Tim Lyon was 9 years old when his dad dropped him, his brother and his sister off for a day of excitement at the Southeast’s newest theme park — Six Flags Over Georgia.
It was opening day and Lyon was hyped.
His father gave the kids $1 each in their hands to spend for food and souvenirs, but the fun they had that day was priceless.
“Everything was new. Everything was fresh,” said Lyon, a 59-year-old flight attendant who lives in Fayetteville. “Oh my God. We rode the rides all day long, and when he came to pick us up at 6 p.m., we begged and begged and begged to stay until 10 p.m. and he agreed.”
Lyon hasn’t missed a year since.
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“It was an experience like we had never had before — riding the log ride, riding the antique cars. It was an exciting day for Atlanta.”
Fifty years ago this month, Six Flags Over Georgia opened to much fanfare. At the time, the park cost $12 million to build, and included the popular Dahlonega Mine Train.
“There were a lot of firsts in the first decade of the park being opened,” said spokesman Gene Petriello.
One of the earliest rides — and a wonder in its day — was the Great American Scream Machine roller coaster. When it opened in 1973, the coaster was the longest and tallest wooden roller coaster in the world. A few years later, the Mind Bender, a triple-looping, 50-plus mph steel roller coaster, opened to thrill-seeking fans.
Chip Sieczko, assistant regional representative for American Coaster Enthusiasts, has visited Six Flags Over Georgia hundreds of times — the first time in 1990, a few years after his family moved to metro Atlanta.
“It’s really the big regional theme park in the Southeast and one of the first theme parks outside of Disneyland,” said Sieczko, who works in tech support. Sieczko, who lives in Sandy Springs, said it’s among the top favorites of “park fans and hardcore coaster geeks.”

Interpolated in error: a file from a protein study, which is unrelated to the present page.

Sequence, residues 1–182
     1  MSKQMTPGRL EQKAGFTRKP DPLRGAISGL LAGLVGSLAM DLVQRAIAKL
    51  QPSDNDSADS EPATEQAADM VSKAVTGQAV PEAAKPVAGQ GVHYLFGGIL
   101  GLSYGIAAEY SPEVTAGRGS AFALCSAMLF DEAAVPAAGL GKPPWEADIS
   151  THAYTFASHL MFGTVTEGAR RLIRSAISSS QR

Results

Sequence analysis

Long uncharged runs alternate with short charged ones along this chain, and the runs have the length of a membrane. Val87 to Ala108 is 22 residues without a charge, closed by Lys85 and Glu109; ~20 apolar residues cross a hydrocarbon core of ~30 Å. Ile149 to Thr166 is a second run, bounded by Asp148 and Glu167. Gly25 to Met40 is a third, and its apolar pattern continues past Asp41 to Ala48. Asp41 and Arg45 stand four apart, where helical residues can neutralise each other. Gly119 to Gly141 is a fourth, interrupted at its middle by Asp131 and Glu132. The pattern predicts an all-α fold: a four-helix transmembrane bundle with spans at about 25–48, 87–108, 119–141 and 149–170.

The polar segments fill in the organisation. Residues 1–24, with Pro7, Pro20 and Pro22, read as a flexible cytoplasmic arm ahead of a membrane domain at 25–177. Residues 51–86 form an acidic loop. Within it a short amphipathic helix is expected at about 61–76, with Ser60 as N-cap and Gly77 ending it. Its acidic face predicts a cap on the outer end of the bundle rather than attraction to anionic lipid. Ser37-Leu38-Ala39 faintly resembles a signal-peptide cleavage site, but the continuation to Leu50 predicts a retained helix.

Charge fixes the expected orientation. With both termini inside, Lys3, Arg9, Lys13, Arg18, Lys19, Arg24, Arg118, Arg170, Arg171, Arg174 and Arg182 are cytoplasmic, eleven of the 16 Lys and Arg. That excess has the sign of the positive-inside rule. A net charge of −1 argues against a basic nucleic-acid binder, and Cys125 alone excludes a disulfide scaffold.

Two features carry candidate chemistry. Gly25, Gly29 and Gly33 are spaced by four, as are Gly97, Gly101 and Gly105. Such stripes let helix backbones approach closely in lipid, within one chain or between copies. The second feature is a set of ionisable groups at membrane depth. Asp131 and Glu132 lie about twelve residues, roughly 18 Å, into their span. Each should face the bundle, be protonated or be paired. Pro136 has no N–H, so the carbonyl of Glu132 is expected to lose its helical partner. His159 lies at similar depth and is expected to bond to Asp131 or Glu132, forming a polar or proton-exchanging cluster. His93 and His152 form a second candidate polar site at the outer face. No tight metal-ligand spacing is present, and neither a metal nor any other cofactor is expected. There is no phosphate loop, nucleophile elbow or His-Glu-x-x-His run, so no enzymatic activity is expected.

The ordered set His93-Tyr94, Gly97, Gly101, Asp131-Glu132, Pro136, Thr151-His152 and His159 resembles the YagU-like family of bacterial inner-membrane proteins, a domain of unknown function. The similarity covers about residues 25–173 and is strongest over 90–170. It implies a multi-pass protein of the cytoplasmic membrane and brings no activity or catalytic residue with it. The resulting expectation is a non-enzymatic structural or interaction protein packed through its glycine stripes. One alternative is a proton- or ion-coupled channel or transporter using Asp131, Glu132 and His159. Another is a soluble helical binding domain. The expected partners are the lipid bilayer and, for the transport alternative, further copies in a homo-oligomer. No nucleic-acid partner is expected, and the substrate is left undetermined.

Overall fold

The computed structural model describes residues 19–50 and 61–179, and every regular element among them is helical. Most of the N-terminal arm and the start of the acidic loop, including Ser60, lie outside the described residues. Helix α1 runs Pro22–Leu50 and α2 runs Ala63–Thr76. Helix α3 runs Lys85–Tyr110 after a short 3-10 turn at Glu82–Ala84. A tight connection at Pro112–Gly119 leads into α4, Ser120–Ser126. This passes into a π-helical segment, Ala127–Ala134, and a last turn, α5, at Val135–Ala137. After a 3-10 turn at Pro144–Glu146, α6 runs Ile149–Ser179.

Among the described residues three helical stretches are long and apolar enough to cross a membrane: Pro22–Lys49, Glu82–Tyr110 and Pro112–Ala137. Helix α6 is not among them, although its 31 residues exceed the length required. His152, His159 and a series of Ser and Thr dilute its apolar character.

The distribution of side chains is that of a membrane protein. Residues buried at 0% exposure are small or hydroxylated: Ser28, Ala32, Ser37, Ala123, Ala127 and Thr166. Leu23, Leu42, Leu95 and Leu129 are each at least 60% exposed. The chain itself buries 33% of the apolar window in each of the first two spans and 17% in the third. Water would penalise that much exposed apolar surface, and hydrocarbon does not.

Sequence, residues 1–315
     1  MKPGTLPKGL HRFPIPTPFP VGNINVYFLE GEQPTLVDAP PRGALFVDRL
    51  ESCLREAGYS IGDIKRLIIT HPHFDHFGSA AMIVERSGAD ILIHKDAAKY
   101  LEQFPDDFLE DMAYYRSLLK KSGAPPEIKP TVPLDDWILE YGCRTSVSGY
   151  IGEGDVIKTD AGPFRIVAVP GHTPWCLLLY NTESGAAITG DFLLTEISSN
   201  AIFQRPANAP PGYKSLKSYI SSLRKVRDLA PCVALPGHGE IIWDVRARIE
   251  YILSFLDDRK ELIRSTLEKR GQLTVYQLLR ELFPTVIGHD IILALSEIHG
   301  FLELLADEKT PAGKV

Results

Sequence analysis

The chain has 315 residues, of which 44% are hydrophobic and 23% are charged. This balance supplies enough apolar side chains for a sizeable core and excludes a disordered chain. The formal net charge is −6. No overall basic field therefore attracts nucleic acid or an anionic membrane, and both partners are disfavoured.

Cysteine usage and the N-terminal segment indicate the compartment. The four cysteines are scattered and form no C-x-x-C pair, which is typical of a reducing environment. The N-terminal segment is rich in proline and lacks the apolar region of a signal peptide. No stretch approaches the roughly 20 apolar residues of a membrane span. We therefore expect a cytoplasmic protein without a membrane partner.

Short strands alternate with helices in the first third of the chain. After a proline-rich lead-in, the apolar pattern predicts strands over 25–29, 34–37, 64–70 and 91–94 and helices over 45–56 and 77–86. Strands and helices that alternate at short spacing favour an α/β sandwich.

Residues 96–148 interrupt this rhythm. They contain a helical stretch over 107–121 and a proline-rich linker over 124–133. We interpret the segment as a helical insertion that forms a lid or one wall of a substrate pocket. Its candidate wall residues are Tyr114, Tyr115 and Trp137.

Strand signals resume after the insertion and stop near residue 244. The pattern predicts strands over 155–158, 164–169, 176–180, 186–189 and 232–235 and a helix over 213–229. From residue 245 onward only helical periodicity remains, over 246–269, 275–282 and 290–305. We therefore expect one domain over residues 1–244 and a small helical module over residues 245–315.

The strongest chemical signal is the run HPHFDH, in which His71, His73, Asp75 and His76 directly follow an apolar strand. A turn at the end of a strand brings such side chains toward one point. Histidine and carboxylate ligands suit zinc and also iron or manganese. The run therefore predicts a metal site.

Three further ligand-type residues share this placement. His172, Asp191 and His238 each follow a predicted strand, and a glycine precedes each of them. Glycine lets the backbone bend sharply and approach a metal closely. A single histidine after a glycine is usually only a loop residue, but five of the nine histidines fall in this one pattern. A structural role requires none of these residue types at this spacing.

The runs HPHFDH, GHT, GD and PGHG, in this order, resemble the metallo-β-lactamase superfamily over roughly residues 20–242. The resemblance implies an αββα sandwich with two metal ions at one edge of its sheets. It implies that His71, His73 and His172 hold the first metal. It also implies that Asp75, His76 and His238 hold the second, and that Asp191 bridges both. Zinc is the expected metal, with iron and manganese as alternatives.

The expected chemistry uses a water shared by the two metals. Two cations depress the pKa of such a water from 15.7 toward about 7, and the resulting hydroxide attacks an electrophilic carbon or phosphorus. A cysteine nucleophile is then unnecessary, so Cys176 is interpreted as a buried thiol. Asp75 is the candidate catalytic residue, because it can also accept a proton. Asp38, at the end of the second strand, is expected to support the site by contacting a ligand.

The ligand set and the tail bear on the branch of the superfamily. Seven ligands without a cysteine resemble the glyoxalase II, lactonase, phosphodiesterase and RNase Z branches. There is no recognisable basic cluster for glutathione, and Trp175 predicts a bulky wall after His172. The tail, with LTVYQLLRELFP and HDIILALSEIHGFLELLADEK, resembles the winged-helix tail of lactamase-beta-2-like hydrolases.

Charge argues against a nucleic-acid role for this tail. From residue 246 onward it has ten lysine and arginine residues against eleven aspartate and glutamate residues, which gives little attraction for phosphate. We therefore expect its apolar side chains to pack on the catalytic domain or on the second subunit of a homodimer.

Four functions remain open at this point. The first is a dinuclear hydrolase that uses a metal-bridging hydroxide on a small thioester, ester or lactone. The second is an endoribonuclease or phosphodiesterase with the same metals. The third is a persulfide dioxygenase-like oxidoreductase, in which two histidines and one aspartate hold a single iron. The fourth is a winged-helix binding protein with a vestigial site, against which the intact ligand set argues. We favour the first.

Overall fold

His organization, which has more than 6,000 members, has awarded preservation plaques for Mind Bender as a theme park cultural landmark and this year gave the same honor to the Great American Scream Machine.
That first visit was almost magical.
“It was such a beautiful park with all the landscaping, and the ride selection was really second to none — then and now,” he said.
His favorite ride is the Mind Bender roller coaster, which opened in 1978. If one thinks of it as a song or poem, Sieczko said, “It’s just perfect. The pacing. The speed. The beautiful views. It’s just a phenomenal ride.”
John Odum began working at Six Flags Over Georgia in 1972 at age 16 as a costumed character. He rose through the ranks to become general manager of the park from 2000 to 2003 and is now senior vice president of international operations for the Six Flags chain. He’s seen a lot of changes over the years but says some things remain the same: the dedication of the people who work there, and the park’s goal to make sure everybody has a good time.
“Where can we go to have fun?” has been the defining element of Six Flags, he said. “Things have changed, but they stay the same,” he added.
Though the park continues to add new rides and make use of the latest technologies, it’s important that some of the rides remain throughout the years. “We want to bring our kids and grandkids to ride the same rides that we did, like the Log Jamboree and the Dahlonega Mine Train,” he said.
“Guests tell us what they want,” said current park President Dale Kaetzel. “We let our guests be our guides. They vote with their feet and their wallets.”
Other former park managers agree. Spurgeon Richardson, who led the park from 1979 to 1992 and went on to be head of the Atlanta Convention & Visitors Bureau, said that family fun was a goal in its earlier years. Back then, the park had the advantage of less competition from other tourist attractions and the lack of distraction from electronic devices. The park also had less competition for employment, letting it choose the best employees available. “Less competition, and the park’s innovation, combined to make us the best we can be,” he said.
Odum’s love for the park and his job led to something greater than he might have expected: That’s how he met Laurie, his wife of 37 years. She worked as a ticket taker at the front gate.
“I was working as the Domino Sugar Bear at Six Flags. She fell in love with it, not knowing I was inside,” he said. It turns out she took a photo with him back in 1975, with neither of them knowing the other.
“We love what we’re doing,” he said.